"It is difficult not to read Hitler’s crimes back into his artwork, though its mundane and mimetic quality resists such interpretation. The prosaic pieces suggest that his ambitions were once starkly different from what he ultimately carried out, observed Deborah Rothschild, who curated a 2002 exhibit on Hitler’s early years at the Williams College Museum of Art in Massachusetts.
“I want to take him down a notch,” she said that summer in an interview about the exhibition. “He’s not an evil genius. He wasn’t born evil. If things had gone his way I think he would have been quite happy to be an academic art professor.”
Read the rest in the Washington Post. 
Wikipedia: Paintings by Adolph Hitler 

Friday, February 8, 2019

Teaser for "The Real T. Rex"

Here's a teaser for “The Real T. Rex” coming up in the April issue of Ranger Rick Magazine. (Link to video on Facebook)
Karin Spijker asks: Is that varnish over a handmade gouache painting?
James Gurney I'm varnishing an oil painting, though I did some gouache studies before starting the oil.

Edison Coronado Vallejo asks: Will there be a making-of video of this painting??? Please
James Gurney Yes, I've got extensive coverage of behind-the-scenes, and will release a free YouTube version and a longer Gumroad tutorial about unconventional painting techniques.

Thursday, February 7, 2019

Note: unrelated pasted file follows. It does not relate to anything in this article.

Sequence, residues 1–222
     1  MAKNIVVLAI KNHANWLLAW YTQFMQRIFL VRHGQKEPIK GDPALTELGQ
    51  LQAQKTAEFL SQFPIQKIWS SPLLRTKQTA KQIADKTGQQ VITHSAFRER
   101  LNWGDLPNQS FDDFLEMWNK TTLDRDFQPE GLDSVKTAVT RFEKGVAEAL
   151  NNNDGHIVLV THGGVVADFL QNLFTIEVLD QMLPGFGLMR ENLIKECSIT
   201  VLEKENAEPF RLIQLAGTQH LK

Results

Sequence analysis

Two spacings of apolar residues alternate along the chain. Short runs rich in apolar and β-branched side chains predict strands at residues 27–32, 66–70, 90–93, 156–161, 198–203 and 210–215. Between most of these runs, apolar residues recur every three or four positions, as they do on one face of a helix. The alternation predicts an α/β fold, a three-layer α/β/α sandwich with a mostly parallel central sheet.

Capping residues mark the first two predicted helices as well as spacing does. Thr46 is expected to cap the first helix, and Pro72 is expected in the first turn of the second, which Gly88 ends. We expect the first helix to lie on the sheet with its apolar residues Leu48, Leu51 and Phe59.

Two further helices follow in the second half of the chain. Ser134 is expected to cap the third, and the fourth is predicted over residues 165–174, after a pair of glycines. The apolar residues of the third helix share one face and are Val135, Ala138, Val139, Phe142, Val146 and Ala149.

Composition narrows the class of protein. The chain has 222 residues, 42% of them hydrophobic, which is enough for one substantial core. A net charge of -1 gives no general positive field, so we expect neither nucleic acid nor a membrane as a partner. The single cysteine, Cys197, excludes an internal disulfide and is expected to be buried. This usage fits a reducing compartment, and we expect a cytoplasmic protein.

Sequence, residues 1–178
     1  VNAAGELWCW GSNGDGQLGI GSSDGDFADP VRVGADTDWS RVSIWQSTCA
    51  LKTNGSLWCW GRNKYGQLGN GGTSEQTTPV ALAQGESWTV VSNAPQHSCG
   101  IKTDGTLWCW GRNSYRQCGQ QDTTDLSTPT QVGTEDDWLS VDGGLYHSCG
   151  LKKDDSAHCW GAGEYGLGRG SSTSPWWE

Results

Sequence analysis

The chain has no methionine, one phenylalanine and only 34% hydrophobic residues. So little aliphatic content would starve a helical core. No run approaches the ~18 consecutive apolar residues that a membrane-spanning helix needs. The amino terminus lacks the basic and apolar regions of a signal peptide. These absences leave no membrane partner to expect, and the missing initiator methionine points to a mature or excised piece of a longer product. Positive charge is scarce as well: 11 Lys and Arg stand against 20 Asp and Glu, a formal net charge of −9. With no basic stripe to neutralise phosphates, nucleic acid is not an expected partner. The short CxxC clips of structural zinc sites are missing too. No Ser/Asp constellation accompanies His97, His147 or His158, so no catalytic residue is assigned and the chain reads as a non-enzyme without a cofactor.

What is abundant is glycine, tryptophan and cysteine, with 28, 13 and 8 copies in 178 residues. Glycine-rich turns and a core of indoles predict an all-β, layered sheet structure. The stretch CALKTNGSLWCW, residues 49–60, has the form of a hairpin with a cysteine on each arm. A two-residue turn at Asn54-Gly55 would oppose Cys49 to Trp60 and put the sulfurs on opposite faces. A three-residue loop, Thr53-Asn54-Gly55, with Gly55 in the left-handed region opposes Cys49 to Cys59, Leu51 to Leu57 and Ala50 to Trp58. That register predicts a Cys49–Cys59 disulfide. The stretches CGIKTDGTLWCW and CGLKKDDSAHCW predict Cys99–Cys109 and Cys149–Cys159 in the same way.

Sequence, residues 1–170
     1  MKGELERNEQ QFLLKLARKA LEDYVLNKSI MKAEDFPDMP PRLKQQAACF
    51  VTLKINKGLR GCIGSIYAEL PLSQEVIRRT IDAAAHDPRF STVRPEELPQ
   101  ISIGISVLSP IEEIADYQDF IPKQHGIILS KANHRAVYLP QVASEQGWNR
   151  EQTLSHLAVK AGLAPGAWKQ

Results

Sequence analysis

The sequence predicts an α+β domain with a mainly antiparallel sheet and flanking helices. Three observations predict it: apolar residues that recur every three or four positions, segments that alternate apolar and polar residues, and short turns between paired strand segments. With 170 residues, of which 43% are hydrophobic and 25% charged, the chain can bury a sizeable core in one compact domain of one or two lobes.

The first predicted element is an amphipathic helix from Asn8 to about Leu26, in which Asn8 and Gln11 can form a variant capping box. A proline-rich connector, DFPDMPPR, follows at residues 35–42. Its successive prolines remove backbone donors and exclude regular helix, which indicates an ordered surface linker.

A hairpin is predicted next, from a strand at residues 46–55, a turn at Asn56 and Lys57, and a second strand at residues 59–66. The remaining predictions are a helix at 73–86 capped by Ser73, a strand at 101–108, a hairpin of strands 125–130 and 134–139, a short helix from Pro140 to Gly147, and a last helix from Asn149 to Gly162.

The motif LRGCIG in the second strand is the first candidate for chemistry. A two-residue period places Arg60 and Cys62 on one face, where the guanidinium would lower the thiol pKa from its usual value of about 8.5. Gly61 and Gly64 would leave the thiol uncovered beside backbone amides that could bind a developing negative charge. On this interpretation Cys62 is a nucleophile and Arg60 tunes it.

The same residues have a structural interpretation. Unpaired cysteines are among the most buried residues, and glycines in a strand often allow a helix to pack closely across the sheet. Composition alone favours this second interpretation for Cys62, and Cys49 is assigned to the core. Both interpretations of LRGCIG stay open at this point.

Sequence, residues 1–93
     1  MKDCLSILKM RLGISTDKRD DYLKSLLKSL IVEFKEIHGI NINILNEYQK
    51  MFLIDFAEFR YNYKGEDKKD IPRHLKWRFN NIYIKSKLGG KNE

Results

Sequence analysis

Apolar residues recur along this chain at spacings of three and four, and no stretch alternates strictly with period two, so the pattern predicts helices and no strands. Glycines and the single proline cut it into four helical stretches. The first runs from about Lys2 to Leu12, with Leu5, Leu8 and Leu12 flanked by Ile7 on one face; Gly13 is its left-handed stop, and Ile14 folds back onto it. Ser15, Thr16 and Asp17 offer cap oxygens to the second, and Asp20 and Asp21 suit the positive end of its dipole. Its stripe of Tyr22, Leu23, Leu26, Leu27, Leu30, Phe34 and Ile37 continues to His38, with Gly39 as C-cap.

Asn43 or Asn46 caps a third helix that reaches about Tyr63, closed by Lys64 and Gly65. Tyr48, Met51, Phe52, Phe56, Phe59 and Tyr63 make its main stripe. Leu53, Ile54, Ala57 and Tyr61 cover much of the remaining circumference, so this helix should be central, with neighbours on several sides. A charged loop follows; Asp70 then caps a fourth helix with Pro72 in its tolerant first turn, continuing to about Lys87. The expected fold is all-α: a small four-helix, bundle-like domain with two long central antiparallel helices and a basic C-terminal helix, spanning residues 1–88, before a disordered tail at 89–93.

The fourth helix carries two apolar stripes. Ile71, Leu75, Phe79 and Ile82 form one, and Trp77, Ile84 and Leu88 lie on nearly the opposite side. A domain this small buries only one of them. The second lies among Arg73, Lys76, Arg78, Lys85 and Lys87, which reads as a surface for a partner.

Dinotopia Paintings in Denmark

Here are some Dinotopia paintings at the entrance to the science fiction exhibition "Into the Unknown" in Odense, Denmark, through February 17th. The show includes original art by Ray Harryhausen, Willis O'Brien, and H.R.Giger, plus concept art for Alien and Blade Runner.

"This exhibition is the ultimate genre-defining exploration of science fiction, delving into its storytelling beginnings to discover how visionary creators have captured imaginations around the world. Visitors will encounter rare pieces, such as vintage comics and advertisements promoting Soviet visions of space, alongside well-loved classics, including miniature sculptures from Jurassic Park and the original Darth Vader and Stormtrooper helmets from Star Wars." (Image and quote: Visit Odense)
Into the Unknown at the Brandts Museum
Thanks, Christian Schlierkamp

Wednesday, February 6, 2019

Eyvind Earle Video Bio

This short video (Link to YouTube) tells the story of Eyvind Earle, who overcame a troubled childhood to be one of the most productive and style-setting Disney background artists. 

His gouache method for the Sleeping Beauty backgrounds involved placing a blob for a bush or tree and elaborating it with smaller and smaller leaves.

(Link to YouTube) When Disney was still alive, the studio produced a video called "Four Artists Paint One Tree" about how each artist brings a unique approach to observational painting.